Former president finishing duties

Keith Kaczmarek, Reporter

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If you’ve been walking around campus and noticed that former Bakersfield College president Greg Chamberlain is still working here, you are not hallucinating.

Chamberlain has a temporary office on campus and is finishing projects like the school’s self-evaluation for BC’s state accreditation happening this year.

Chamberlain has also been helping ease the transition to the interim president Robert Jensen.

“I’ve met several times with him to hand off projects to him. I will have some projects assigned by him and the chancellor,” Chamberlain said.

He later added, “We are very fortunate to have Dr. Jensen. His experience is vast, and we are very fortunate to have him to push us up.”

During this transition period, Chamberlain is also honing his skills to return to the computer science classes. While not officially scheduled for classes yet, he is exercising the “rights of retreat” in his contract that allows him to return to teaching classes next semester to his former position of tenured professor.

Chamberlain is thrilled to be getting back to his roots as a front-line educator.

“I’ve been accused of skipping down the hallways,” he said.

Returning to the classroom will mean a cut in pay of around $80,000 a year, but to this Chamberlain replied, “I don’t know anyone who comes to the community college for the money.”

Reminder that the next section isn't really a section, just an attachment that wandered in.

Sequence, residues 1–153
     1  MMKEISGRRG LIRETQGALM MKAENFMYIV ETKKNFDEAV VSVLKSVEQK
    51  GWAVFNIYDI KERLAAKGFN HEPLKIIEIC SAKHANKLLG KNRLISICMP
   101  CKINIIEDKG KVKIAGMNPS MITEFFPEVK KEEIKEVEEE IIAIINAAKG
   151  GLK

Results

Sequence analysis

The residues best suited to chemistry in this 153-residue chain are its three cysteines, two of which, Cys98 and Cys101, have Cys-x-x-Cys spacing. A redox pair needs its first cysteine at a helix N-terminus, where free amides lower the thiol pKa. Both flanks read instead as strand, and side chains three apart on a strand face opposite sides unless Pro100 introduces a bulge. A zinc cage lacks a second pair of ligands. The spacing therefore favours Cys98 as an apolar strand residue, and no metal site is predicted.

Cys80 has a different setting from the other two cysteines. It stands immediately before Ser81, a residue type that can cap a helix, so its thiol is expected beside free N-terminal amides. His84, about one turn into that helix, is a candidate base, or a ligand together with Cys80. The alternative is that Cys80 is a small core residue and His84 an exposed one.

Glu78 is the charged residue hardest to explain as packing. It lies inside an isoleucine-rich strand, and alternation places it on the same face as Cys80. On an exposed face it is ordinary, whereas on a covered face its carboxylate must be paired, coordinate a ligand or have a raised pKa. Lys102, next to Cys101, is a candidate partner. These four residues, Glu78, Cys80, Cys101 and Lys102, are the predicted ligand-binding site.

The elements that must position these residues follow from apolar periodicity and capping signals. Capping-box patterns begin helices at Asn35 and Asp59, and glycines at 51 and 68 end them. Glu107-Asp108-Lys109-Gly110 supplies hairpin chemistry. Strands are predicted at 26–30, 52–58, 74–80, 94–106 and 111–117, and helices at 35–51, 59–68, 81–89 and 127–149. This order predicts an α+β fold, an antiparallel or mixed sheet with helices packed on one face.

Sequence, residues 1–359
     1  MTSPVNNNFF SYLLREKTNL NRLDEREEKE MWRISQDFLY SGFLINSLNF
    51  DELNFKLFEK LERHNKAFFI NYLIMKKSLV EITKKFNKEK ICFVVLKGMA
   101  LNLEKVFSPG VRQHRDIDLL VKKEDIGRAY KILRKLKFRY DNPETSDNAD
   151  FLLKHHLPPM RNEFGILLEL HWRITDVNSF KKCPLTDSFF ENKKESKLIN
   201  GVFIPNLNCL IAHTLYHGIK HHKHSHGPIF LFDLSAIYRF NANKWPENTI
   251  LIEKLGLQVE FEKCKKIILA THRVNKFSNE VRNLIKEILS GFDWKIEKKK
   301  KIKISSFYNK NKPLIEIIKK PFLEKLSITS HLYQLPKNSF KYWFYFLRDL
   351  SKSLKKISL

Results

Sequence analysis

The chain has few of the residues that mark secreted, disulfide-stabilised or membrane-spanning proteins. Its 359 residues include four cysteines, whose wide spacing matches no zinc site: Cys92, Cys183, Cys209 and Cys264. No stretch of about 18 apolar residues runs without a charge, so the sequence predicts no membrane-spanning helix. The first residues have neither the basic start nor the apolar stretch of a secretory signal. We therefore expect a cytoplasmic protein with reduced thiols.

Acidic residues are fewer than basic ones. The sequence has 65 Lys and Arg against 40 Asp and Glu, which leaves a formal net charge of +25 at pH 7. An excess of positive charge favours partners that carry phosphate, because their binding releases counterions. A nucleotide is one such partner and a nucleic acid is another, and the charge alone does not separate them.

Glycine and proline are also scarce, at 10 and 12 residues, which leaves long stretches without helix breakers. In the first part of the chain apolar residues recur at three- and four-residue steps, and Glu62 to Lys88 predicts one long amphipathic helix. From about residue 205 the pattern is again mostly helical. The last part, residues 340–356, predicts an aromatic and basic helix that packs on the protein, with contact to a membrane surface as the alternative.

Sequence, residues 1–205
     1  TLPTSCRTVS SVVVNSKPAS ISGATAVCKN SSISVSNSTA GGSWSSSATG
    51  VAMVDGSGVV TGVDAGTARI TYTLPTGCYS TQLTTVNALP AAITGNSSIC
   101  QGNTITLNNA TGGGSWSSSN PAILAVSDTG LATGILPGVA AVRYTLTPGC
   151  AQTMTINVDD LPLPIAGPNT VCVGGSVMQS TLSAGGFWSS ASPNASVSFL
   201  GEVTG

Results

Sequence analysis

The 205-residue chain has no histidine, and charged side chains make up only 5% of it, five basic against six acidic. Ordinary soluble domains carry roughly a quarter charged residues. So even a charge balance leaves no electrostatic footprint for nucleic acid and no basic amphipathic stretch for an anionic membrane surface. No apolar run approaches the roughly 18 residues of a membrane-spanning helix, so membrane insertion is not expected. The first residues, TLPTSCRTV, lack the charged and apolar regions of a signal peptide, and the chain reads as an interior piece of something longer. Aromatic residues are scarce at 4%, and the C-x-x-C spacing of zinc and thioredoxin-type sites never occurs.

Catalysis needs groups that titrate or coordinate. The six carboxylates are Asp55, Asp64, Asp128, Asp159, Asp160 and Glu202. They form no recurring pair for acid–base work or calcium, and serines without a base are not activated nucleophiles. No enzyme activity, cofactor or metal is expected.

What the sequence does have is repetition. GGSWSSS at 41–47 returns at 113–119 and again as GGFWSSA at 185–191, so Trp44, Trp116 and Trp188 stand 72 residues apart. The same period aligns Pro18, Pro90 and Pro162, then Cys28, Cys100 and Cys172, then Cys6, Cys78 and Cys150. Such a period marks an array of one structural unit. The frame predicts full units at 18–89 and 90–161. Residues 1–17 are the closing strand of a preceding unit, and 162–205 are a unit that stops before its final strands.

With Chamberlain’s children leaving university this year or next year, he says that his personal finances won’t suffer for the cut in income. His years of experience already put him in the top income grade for BC professors, roughly $107,000 a year.

Chamberlain leaves the school administration in the midst of harsh budget cuts, but he cites the fiscal conservatism of the Board and chancellor for keeping BC on the right track.

“It certainly paid off for the college. There are colleges trying to make cuts in mid-year,” he said. “When we budgeted for this, we budgeted for these cuts to be there.”

That being said, Chamberlain sees more changes on the horizon. “There are going to be some significant changes to California community colleges, not just here,” he said.

He also thinks there will be strong candidates for the new president, and that the school has a chance to come out of the state’s budget crisis even stronger.

“This is a fiscally strong school with a strong chancellor and board. There will be strong candidates coming here.”

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